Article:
Kemp touts state's presidential primary, electronic voting for military personnel

Georgia Secretary of State Brian Kemp speaks to the Rotary Club of Rockdale County Wednesday. He gave an update of several inititives in his department to improve services and the upcoming elections in 2012.  Staff Photo: Jay Jones.

Georgia Secretary of State Brian Kemp speaks to the Rotary Club of Rockdale County Wednesday. He gave an update of several inititives in his department to improve services and the upcoming elections in 2012. Staff Photo: Jay Jones.

CONYERS — Georgia Secretary of State Brian Kemp visited Conyers on Wednesday and touted his office’s efforts to provide ballots electronically to military personnel overseas and also countered criticism of the move to cut in-person early voting from 45 to 15 days prior to election days.

Kemp spoke to the Rotary Club of Rockdale County and gave an overview of his department’s work on elections, as well as regulating corporations and fiscal responsibility. He spoke highly of Georgia’s ability next year to provide absentee ballots to all service men and women overseas as part of the federal Military Overseas Voting Empowering (MOVE) Act that was passed by Congress in 2009.

Georgia was one of the first states to implement a MOVE program last year. Georgia service men and women can now receive an absentee ballot 45 days before an election by email. Kemp explained the person overseas can register at the Secretary of State’s My Voter Web page to receive an email notification. The information is then logged into the website to generate a ballot for their home county. The person can then print out the ballot, fill it in and mail it to Georgia.

“As you can imagine us trying to mail an absentee ballot to some person in the Navy who’s on a boat in the middle of the ocean, (or someone in) the Middle East, in Iraq or Afghanistan, have them receive that ballot in the mail, (and then) turn around and mail it back in a 45-day, or less, time period. It is really hard to do,” he said. “We don’t feel like there should be one vote lost by men and women in the service because of slow mail service.”

Kemp responded to a question that a pilot program is being considered to offer the same electronic ballot service to elderly and physically disabled residents.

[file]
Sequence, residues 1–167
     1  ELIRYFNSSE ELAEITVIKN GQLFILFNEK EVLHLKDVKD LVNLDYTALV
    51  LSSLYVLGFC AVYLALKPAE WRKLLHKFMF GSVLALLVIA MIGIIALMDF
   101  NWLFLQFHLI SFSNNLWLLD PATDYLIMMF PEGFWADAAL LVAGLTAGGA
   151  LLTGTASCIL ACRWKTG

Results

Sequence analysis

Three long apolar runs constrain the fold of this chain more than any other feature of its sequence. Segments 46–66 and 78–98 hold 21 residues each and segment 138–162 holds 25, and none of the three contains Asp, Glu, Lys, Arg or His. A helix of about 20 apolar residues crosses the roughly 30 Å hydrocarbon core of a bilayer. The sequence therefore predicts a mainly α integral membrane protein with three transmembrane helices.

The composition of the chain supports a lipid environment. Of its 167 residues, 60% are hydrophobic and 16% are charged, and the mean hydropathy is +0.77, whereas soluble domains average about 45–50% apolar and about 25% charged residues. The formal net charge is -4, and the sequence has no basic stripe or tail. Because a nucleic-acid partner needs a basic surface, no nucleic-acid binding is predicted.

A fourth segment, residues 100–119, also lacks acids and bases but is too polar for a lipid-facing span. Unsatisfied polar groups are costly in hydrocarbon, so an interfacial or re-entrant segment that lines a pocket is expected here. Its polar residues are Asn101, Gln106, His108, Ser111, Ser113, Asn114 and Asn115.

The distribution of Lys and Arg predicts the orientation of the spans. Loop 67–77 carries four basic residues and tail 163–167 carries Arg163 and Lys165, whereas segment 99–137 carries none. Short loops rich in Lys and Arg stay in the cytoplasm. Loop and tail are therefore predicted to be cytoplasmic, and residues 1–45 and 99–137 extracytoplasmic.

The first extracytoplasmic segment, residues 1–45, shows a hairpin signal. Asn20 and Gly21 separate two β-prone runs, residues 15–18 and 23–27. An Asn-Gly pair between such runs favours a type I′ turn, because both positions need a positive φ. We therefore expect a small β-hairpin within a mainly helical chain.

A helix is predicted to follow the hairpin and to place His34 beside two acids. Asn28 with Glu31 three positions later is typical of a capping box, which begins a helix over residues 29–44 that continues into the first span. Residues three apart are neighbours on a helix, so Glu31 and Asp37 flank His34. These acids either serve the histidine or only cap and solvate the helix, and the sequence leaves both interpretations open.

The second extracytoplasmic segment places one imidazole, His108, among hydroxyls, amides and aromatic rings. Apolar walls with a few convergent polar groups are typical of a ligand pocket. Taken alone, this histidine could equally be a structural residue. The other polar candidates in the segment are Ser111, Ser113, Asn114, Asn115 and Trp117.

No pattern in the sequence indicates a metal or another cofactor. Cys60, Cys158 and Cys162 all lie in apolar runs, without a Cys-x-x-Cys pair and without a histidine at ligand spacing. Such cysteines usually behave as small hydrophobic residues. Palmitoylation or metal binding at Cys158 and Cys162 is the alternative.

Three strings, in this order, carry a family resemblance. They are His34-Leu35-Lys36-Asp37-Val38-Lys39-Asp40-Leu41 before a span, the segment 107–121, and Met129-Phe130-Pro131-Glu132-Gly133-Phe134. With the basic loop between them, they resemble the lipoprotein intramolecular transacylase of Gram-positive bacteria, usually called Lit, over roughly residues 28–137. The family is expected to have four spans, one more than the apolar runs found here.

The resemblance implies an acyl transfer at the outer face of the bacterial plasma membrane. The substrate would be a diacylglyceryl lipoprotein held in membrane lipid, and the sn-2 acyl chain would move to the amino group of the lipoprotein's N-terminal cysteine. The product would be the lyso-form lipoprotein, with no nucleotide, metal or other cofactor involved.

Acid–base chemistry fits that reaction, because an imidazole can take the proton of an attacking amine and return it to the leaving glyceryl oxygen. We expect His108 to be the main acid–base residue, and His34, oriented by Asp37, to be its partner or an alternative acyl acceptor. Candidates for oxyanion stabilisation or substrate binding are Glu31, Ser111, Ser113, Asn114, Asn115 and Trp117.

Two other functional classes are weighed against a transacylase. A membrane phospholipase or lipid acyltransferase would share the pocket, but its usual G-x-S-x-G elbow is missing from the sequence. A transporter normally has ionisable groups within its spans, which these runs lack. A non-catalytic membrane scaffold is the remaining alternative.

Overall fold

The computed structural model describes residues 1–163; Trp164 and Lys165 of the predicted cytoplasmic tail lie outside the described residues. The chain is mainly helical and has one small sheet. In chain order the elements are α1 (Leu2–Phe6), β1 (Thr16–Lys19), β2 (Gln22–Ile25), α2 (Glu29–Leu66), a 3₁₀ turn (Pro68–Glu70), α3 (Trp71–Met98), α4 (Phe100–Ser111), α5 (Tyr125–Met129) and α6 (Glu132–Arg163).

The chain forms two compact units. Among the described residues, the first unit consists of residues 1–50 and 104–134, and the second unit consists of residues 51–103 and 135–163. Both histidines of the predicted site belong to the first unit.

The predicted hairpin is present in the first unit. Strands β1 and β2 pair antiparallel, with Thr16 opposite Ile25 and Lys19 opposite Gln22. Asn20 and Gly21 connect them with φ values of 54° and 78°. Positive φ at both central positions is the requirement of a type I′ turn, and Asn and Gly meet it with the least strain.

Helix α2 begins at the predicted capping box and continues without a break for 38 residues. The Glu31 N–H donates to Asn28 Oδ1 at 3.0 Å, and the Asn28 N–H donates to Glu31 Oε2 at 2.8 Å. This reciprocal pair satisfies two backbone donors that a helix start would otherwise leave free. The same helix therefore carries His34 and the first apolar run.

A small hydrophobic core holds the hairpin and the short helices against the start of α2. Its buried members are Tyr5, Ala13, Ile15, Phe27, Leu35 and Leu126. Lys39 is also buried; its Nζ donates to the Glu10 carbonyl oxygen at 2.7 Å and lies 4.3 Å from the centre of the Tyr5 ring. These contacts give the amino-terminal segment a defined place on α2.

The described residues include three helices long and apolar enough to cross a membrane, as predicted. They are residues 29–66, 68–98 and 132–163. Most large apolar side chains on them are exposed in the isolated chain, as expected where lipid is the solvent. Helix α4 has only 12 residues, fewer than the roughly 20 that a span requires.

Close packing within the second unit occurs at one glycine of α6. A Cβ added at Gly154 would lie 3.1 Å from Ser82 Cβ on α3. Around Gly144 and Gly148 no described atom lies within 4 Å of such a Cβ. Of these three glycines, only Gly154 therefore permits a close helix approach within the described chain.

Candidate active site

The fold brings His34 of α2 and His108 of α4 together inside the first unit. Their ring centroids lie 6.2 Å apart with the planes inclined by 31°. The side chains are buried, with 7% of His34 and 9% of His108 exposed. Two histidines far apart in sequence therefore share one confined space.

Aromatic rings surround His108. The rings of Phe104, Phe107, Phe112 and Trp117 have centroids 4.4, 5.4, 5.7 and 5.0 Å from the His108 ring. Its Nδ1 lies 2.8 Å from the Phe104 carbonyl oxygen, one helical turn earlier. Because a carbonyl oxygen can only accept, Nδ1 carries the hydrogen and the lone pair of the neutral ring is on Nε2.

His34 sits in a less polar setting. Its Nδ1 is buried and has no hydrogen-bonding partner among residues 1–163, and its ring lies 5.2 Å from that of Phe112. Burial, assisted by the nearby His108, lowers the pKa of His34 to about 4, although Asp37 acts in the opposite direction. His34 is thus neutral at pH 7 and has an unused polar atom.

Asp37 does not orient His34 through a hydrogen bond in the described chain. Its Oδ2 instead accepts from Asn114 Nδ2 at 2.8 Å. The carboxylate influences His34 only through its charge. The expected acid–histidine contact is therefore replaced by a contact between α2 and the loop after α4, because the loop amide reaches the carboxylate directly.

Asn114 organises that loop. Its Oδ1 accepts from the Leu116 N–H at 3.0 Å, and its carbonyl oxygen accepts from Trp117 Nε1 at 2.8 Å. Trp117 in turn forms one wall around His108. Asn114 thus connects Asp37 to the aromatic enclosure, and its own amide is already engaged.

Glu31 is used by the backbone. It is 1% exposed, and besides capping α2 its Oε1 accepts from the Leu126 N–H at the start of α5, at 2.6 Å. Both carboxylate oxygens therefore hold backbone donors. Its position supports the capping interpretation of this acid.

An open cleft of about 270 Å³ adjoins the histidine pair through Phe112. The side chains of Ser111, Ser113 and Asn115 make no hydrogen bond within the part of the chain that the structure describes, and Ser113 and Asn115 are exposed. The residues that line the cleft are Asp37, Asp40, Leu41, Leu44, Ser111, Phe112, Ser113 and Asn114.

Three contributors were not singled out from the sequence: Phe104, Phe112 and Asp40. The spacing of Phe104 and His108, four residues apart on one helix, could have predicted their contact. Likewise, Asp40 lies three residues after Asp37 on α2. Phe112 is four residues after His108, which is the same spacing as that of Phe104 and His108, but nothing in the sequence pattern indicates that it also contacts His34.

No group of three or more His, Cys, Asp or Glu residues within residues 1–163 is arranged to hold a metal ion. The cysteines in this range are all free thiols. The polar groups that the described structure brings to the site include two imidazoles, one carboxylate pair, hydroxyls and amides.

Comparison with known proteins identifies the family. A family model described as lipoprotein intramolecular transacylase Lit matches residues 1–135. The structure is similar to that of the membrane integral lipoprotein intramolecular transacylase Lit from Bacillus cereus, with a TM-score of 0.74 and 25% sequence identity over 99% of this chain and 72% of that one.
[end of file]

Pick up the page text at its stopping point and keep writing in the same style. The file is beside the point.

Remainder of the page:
New to the 2012 elections is a reduction of the early, in-person voting period from 45 to 15 days. Kemp deflected criticism that reducing the number of days possibly disenfranchised voters. He noted that any registered voter can request an absentee ballot and vote by mail 45 days before an election.

Kemp said the call to shorten early in-person voting came from the counties facing cost concerns.

“The counties, really all across the state, were really squalling at us about the cost because they are mandated to have three people in the early voting locations,” he said. “Eighty-two to 83 percent of all people vote during the last two weeks of early voting and very few people come in during the first three weeks.”

Kemp said he’s warned local Board of Elections staffs across the state to expect 15 to 20 percent more people voting in person during the early voting period of next year’s elections and be prepared with extra voting machines.

Kemp also discussed Georgia’s Presidential Preference Primary move to March 6 from the first Tuesday in February. Thanks to legislation passed in the General Assembly this year this was the first time the Secretary of State selected the primary date.

Kemp said the move should garner some attention from presidential candidates and provide an opportunity for discussion of issues that are of interest to Georgia.

Historically, the first Tuesday in March is called Super Tuesday due to the large number of states holding presidential primaries. Twenty-four states held primaries on the date in 2008.

In 2012, Kemp said Georgia is in a good position. Texas is likely to go with Gov. Rick Perry. Take out Democratic strongholds California, New York and Massachusetts due to President Barrack Obama seeking re-election and the field is narrowed to 11 states holding primaries, and Georgia is the largest and has the most Republican delegates at stake, Kemp said.

“I really feel good about Georgia being in a strong position to actually have candidates come to our state and campaign,” he said. “In years past, we have not had that. We’ve been kind of disregarded.”


citizen52 4 years, 1 month ago

While voting electronically for those abroad may soon be the norm, my concern is with the hackers. Show me any industry that has not been hacked. The hacker can go in and change votes just as they can go in and alter the machines we now use. The person for whom we voted may not get the vote. It would automatically go to a different candidate.


CitizenPat 4 years, 1 month ago

The thing that most people don't know about each voting machine is that it is:
a). not connected to any other machine ever
b). does not have any wi-fi capability and therefore cannot be "hacked" via remote nor is it likely that a person with hacking equipment is going to be allowed near a booth

The only potential for hacking comes from the informaiton uploaded to each "States" system and even then that information if verified by the actual number of voter certificates that is completed by each county and confirmed once uploaded. This is one situation when there is a good reason not to eliminate the paper trail and thanks to our local Board of Elections staff; Rockdale hasn't.


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